The Everything Bubble And The Second Great Depression
The importance of Apple to the foundation of the everything bubble cannot be overstated – Kevin Duffy, Co-Founder, Bearing Asset Management
The last few months have witnessed the return of volatility. The S&P is down 14% from its all time highs a few months ago and the Nasdaq 17%. However, this masks much of the carnage underneath and is only the precursor of what is to come in my opinion.
Apple (AAPL) is the most important stock in the market so when it preannounced a revenue miss last Wednesday afternoon investors took notice. Apple reduced its 4Q18 revenue guidance to $84 billion from a midpoint of $91 billion given just two months ago. Crucially, it attributed 100% of this miss to a slowdown in China. This is important because it is “macro”, having implications for every company that does business in China. AAPL is now down almost 40% from all time highs reached just a few months ago.
AAPL is not the only economic bellwether to guide down in recent weeks. On December 18, Federal Express (FDX) reduced the midpoint of its Non-GAAP EPS guidance by 8% citing a slowdown in global trade: “Global trade has slowed in recent months and leading indicators point to ongoing deceleration near term” – Alan Graf, CFO. FDX is down 40% from all time highs reached just a few months ago.
One of the best stocks in the market the last few years has been Nvidia (NVDA). They have reported phenomenal revenue growth quarter after quarter, including 41% growth for the year ended Jan 28, 2018. However, on November 15, they forecast 4Q18 revenue of $2.7 billion – a year over year decline from last year’s $2.9 billion. When hot growth stocks stop growing the bottom can fall out and that’s exactly what has happened with NVDA, which is down more than 50% from all time highs just a few months ago.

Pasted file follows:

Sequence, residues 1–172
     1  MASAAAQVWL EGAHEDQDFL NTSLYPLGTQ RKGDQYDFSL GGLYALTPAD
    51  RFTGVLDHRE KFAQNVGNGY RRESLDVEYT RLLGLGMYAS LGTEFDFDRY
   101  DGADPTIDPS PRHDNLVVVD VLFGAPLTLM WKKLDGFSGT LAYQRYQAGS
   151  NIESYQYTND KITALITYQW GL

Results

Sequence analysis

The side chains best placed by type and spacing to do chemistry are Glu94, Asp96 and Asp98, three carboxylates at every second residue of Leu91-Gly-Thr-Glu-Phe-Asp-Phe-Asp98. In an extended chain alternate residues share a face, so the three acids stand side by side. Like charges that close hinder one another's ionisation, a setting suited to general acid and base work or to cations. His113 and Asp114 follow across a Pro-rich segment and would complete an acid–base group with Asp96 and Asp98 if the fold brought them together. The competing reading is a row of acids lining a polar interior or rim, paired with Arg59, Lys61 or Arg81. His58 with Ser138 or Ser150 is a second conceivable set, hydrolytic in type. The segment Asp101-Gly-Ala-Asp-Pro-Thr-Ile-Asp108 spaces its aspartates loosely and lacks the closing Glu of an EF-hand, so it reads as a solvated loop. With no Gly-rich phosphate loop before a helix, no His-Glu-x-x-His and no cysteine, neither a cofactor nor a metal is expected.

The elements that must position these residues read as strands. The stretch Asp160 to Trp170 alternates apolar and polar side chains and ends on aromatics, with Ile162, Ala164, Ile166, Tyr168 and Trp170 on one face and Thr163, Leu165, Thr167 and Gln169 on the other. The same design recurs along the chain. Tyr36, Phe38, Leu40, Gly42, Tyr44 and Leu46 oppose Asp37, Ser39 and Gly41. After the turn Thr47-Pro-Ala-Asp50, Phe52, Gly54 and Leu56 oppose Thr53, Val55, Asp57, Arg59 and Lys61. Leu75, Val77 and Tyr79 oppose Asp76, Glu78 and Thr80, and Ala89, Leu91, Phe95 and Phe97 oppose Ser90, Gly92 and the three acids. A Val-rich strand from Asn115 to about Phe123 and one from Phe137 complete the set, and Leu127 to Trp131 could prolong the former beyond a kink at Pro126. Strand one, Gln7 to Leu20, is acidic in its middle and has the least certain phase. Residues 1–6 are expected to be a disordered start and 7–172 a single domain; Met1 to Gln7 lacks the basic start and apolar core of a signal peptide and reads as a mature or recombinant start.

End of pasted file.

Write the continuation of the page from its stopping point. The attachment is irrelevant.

We have involved ourselves in a colossal muddle, having blundered in the control of a delicate machine, the working of which we do not understand – John Maynard Keynes
While the wealthy have profited from an incredible “Everything Bubble” in financial assets over the last decade, the middle class has hollowed out and many are now working in the “Gig Economy”. The Gig Economy consists of workers who work as independent contractors rather than employees. Crucially, these workers do not receive healthcare and retirement benefits. In addition, they have to grind for every dollar they make. Think of drivers for Uber and DoorDash. Much of the rest of the population works in service jobs that cater to the wealthy, like restaurants, retail, etc…
This “Everything Bubble”, driven by the Fed’s unprecedented 0% federal funds rate and Quantitative Easing, is now coming to an end in my opinion. On December 19, the Fed hiked the funds rate for the 9th time to 2.25%-2.50%. They also initiated Quantitative Tightening in October 2017, allowing maturing securities to run off their balance sheet at a rate that has now reached $50 bil/month.
On Friday, Fed Chairman Jerome Powell said that the Fed is not on a preset course, suggesting they could stop tightening or even loosen policy, resulting in a massive stock market rally. However, the Fed is in a very tough spot. Having inflated an asset bubble that they have only just recently started to address, they face the dilemma of igniting an even more massive bubble or continuing along the prudent course of restoring sanity to our financial markets and economy. Even if they opt for the former, they will most likely act too late if history is any precedent.
My personal conviction is that we will see a massive stock market unwinding of 2/3 to 3/4 from peak to trough in the major indexes over the next two to five years. That implies a bottoming of 750-1000 on the S&P 500.
With the hollowing out of good middle class jobs and the division of most of the population into the Top 10% and the Gig/Service economy, an unwinding of the Everything Bubble will decimate the economy. The wealthy will see their assets massively diminished and this will decrease their spending on services from the Gig/Service economy. The wealthy will get by, as they always do, but many in the Gig/Service economy will find themselves struggling more or even jobless. We may very well be on the precipice of a Second Great Depression.
Founder & CEO
Top Gun Financial (www.topgunfp.com)
A Registered Investment Advisor